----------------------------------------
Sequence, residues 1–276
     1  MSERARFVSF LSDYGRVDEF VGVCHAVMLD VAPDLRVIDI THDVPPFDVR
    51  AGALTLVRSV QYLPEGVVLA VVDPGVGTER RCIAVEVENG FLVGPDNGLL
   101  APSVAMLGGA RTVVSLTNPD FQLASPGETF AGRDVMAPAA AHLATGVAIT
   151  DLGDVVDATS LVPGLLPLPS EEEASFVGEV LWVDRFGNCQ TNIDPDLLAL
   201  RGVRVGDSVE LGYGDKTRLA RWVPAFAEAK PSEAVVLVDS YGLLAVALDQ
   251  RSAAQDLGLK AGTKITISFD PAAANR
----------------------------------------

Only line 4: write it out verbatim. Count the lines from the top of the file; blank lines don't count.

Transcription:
   101  APSVAMLGGA RTVVSLTNPD FQLASPGETF AGRDVMAPAA AHLATGVAIT